Chapter 8 (8 references)
At dinner, Dr Johnson ate several plate-fulls of Scotch broth, with barley and peas in it, and seemed very fond of the dish. I said, 'You never ate it before.' JOHNSON. 'No, sir; but I don't care how soon I eat it again.' My cousin, Miss Dallas, formerly of Inverness, was married to Mr Riddoch, one of the ministers of the English chapel here. He was ill, and confined to his room; but she sent us a kind invitation to tea, which we all accepted. She was the same lively, sensible, cheerful woman, as ever. Dr Johnson here threw out some jokes against Scotland. He said, 'You go first to Aberdeen; then to Enbru (the Scottish pronunciation of Edinburgh); then to Newcastle, to be polished by the colliers; then to York; then to London.' And he laid hold of a little girl, Stuart Dallas, niece to Mrs Riddoch, and, representing himself as a giant, said, he would take her with him! telling her, in a hollow voice, that he lived in a cave, and had a bed in the rock, and she should have a bed cut opposite to it!
Chapter 13 (8 references)
Mr M'Aulay and I laid the map of Scotland before us; and he pointed out a rout for us from Inverness, by Fort Augustus, to Glenelg, Sky, Mull, Icolmkill, Lorn, and Inveraray, which I wrote down. As my father was to begin the northern circuit about the 18th of September, it was necessary for us to make our tour with great expedition, so as to get to Auchinleck before he set out, or to protract it, so as not to be there till his return, which would be about the 10th of October. By M'Aulay's calculation, we were not to land in Lorn till the 20th of September. I thought that the interruptions by bad days, or by occasional excursions, might make it ten days later; and I thought too, that we might perhaps go to Benbecula, and visit Clanranald, which would take a week of itself.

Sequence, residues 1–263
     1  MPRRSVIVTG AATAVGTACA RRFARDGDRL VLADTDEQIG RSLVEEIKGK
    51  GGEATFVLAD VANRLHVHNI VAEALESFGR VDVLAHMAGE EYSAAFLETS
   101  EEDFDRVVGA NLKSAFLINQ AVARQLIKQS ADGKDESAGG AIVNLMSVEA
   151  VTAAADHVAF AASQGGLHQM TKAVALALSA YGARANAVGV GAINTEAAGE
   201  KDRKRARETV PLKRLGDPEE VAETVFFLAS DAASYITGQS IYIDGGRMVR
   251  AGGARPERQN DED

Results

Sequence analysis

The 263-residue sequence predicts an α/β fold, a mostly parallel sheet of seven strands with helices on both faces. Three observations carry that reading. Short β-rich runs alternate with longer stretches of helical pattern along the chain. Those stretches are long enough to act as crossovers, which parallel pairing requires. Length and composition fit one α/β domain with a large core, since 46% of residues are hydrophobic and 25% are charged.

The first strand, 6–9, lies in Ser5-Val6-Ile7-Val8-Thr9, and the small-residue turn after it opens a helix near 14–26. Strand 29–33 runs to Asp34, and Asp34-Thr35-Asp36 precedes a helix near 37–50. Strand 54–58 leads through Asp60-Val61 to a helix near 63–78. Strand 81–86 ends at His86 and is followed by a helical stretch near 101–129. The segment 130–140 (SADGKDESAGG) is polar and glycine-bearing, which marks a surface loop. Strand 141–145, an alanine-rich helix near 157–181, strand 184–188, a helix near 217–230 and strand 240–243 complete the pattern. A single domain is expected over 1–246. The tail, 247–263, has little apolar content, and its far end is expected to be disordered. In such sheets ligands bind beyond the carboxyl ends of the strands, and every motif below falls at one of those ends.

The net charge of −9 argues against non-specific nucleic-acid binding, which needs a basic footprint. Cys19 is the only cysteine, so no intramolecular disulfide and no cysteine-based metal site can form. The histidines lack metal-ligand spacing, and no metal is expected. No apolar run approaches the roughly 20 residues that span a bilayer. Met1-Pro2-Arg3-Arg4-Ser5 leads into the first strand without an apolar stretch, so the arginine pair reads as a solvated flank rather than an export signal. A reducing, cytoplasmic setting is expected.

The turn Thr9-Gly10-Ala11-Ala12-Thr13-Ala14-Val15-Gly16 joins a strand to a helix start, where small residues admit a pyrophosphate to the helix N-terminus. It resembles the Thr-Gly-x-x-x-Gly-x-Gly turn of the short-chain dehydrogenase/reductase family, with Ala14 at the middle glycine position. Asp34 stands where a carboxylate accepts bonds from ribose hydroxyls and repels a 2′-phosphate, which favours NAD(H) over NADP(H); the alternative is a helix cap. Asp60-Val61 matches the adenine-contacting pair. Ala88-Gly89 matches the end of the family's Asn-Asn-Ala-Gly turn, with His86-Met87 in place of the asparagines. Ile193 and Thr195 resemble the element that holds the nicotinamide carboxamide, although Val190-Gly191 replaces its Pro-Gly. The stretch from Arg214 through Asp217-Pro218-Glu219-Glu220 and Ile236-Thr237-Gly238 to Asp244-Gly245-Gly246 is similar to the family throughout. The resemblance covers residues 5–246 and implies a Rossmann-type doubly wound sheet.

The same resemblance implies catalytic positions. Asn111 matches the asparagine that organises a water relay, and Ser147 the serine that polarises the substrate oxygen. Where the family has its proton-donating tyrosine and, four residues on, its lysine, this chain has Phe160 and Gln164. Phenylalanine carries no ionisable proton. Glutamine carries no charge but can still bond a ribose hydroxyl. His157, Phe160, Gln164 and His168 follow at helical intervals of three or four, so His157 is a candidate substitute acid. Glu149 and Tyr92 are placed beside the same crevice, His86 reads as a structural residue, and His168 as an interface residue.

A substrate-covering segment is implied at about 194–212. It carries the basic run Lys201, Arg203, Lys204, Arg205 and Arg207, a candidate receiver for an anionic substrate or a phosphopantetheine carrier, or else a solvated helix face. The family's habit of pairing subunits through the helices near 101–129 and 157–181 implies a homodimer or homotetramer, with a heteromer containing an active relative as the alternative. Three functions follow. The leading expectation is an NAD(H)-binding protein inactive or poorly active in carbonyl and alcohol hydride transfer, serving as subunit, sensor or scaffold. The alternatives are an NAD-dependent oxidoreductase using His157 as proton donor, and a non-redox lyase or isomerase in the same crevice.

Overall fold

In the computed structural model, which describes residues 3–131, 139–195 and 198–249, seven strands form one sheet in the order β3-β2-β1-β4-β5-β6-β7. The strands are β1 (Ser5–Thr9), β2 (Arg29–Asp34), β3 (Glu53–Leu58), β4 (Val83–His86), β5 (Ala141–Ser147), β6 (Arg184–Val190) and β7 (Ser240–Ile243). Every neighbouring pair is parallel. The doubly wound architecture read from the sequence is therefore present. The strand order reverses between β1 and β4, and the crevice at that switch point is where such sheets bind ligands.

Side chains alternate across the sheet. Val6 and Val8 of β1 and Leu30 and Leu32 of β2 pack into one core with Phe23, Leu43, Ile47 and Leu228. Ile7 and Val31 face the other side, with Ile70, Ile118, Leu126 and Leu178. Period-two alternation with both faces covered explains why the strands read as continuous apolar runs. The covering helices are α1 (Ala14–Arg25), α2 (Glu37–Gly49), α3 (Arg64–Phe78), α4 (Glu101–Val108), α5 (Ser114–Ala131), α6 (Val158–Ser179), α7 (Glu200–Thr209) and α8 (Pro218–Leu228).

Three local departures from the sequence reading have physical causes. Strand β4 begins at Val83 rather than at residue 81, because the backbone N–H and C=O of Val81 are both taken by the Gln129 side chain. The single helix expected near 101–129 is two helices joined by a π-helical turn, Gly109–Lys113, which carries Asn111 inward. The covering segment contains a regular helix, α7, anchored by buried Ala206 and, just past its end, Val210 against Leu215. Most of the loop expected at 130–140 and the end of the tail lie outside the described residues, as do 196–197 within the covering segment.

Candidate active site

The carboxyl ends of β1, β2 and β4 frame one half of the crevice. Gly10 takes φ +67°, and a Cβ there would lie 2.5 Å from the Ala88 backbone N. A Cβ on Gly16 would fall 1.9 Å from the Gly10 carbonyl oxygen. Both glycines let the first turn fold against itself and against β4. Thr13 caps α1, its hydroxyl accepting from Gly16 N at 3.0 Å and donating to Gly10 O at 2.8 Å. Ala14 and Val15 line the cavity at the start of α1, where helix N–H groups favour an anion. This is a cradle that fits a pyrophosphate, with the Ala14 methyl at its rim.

Chapter 14 (8 references)
We got safely to Inverness, and put up at Mackenzie's inn. Mr Keith, the collector of Excise here, my old acquaintance at Ayr, who had seen us at the fort, visited us in the evening, and engaged us to dine with him next day, promising to breakfast with us, and take us to the English chapel; so that we were at once commodiously arranged.
Chapter 15 (8 references)
Having conducted Dr Johnson to our inn, I begged permission to leave him for a little, that I might run about and pay some short visits to several good people of Inverness. He said to me, 'You have all the old-fashioned principles, good and bad.' I acknowledge I have. That of attention to relations in the remotest degree, or to worthy persons, in every state whom I have once known, I inherit from my father. It gave me much satisfaction to hear every body at Inverness speak of him with uncommon regard. Mr Keith and Mr Grant, whom we had seen at Mr M'Aulay's, supped with us at the inn. We had roasted kid, which Dr Johnson had never tasted before. He relished it much.
Chapter 16 (8 references)